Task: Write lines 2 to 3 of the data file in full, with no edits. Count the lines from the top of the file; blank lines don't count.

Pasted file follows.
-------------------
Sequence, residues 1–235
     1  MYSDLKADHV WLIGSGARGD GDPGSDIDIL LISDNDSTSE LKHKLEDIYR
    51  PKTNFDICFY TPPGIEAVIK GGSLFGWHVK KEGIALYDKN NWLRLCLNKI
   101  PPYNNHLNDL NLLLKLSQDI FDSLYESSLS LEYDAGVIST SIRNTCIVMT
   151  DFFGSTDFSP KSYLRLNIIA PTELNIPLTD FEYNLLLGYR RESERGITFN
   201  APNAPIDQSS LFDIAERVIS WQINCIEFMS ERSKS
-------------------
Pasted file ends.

     1  MYSDLKADHV WLIGSGARGD GDPGSDIDIL LISDNDSTSE LKHKLEDIYR
    51  PKTNFDICFY TPPGIEAVIK GGSLFGWHVK KEGIALYDKN NWLRLCLNKI